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NTSB Finds Black Box on Sunken Ride the Ducks Boat

TABLE ROCK LAKE, Mo -- The black box will contain video from the camera aboard the Ride the Ducks boat, and NTSB hopes to learn what happened before the boat sank.

On Saturday, Earl Weener, a Board Member from the National Transportation Safety Board, says they recovered a crucial item in their search -- a black box with video from the camera on board the sunken Ride the Ducks boat. 

"That is on it's way to Washington D.C. even as we speak to be processed in the NTSB labs there, dried out and as soon as its available and in useable condition we'll read that out and analyze what the contents show us," Weener says.  

The NTSB is working it's investigation centered around safety. A big part of their job is finding out how weather information was relayed. Ride The Ducks uses a weather subscription service. 

"That information was available in the offices from what we understand, we want to understand how that information was passed on to the people who made the decisions to go out at that time," Weener says.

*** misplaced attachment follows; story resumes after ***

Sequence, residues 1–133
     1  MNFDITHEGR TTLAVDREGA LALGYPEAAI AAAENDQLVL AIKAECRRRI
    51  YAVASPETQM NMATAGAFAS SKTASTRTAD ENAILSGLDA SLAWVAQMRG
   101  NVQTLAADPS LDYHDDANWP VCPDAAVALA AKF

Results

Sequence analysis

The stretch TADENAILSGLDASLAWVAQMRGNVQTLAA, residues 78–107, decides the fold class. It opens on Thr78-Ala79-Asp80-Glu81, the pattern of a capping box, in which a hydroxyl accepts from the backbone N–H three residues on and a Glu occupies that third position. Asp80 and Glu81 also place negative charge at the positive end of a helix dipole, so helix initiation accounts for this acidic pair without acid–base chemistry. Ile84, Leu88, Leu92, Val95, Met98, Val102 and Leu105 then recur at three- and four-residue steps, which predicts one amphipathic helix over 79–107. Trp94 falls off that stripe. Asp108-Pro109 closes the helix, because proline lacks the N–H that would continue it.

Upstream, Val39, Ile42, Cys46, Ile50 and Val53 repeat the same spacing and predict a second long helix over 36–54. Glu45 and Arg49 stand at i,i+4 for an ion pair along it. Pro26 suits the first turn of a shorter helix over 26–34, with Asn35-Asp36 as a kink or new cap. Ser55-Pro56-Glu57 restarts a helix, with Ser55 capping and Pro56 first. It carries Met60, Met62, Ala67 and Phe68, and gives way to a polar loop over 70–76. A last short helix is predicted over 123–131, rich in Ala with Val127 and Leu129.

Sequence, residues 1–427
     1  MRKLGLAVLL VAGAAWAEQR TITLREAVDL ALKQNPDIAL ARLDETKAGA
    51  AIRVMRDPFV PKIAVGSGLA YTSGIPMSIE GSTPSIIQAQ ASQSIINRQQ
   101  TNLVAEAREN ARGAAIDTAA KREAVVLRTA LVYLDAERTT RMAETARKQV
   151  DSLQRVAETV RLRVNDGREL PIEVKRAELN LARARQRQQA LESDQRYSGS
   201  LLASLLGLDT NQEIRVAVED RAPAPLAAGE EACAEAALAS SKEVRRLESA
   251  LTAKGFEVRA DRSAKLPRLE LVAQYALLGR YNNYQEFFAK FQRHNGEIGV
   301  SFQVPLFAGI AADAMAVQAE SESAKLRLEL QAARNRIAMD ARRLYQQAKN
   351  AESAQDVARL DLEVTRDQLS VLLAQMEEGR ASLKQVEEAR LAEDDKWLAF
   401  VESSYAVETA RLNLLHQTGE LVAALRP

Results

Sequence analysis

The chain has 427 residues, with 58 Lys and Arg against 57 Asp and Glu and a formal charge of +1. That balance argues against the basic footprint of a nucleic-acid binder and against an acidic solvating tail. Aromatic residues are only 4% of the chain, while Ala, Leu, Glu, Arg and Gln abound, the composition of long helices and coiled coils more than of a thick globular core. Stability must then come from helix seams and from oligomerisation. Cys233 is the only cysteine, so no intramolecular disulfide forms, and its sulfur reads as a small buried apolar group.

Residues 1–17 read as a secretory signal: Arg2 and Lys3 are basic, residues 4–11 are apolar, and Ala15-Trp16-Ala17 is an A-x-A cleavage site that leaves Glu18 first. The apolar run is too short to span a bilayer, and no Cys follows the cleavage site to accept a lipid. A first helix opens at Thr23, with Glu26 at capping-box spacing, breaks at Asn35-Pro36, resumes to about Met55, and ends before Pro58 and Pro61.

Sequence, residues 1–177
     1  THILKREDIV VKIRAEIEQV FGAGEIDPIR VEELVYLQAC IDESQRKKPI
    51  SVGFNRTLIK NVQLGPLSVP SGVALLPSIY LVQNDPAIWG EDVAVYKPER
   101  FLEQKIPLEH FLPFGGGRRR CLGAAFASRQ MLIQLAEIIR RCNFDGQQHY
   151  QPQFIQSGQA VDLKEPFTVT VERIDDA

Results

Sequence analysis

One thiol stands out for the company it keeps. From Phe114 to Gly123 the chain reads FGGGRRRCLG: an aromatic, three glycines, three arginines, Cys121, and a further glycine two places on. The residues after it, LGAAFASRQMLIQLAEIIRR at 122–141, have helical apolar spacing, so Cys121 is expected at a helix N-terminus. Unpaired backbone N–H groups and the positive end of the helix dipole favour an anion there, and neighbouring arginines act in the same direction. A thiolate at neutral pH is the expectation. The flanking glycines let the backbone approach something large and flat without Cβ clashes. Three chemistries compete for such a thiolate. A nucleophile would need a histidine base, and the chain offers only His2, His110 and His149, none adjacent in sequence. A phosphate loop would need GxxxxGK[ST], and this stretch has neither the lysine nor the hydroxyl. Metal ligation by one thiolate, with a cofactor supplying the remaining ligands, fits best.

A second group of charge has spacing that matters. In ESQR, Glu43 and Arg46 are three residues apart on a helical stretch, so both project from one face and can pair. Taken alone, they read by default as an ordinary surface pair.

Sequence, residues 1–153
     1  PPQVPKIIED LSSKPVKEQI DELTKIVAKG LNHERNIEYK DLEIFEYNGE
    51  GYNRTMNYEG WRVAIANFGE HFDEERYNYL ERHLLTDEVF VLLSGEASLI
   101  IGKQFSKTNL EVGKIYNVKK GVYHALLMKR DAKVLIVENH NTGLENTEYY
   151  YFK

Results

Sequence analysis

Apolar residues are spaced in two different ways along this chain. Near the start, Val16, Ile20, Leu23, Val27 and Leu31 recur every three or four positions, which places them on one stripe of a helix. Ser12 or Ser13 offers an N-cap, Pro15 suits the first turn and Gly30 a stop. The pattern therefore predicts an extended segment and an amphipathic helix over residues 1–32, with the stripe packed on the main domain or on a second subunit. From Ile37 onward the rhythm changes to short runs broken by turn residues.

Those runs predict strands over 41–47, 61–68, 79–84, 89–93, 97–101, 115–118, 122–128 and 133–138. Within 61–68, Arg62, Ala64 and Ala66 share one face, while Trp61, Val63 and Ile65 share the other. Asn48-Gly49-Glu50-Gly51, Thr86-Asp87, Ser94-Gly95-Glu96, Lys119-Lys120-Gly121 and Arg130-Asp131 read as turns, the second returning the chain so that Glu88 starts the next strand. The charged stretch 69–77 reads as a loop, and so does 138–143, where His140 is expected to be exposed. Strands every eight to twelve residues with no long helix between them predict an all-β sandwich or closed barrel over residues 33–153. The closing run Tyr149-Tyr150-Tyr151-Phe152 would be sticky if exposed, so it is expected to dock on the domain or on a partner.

Missouri Attorney General Josh Hawley attended the conference, and explained the two separate investigations taking place. 

"There are two investigations going on. There is the NTSB investigation into safety procedures.  Then there is the state investigation -- the highway patrol investigation-- into the circumstances of this situation. It is technically a criminal investigation because they need to determine, was there criminal neglegence, what exactly went on," says Hawley.  

The Highway Patrol has already released its findings that the cause of the accident was from high winds. While the NTSB has not ruled on a cause, they say winds reached up to 73 miles per hour. 

"To put that in context, hurricane force winds are usually starting at 75," says Weener.  

Scott Stoermer, Commander for the U.S. Coast Guards Upper Mississipi River Sector, says they are working with Ride the Ducks on a plan to get the boat out of the water, where it sits 80 feet under the surface. 

"We expect and are putting together the resources to effect that salvage, we're hopeful that will happen in the early part of next week," says Stoermer.  

NTSB has also obtained records on inspections, certifications, maintenance, and incident histories on the sunken boat.

When asked about life jackets being on the boat, Stoermer added that they are looking to see if Ride the Ducks followed the requirements for their operations. 

Stoermer says the Coast Guard expects commercial mariners to make the best operational decisions they can based on the conditions that they expect to experience. 

As the NTSB and the Missouri State Highway Patrol continue their investigations, anyone with video of the duck boat from Thursday, July 19th, is asked to send it in. For NTSB, that email address is witness@ntsb.gov


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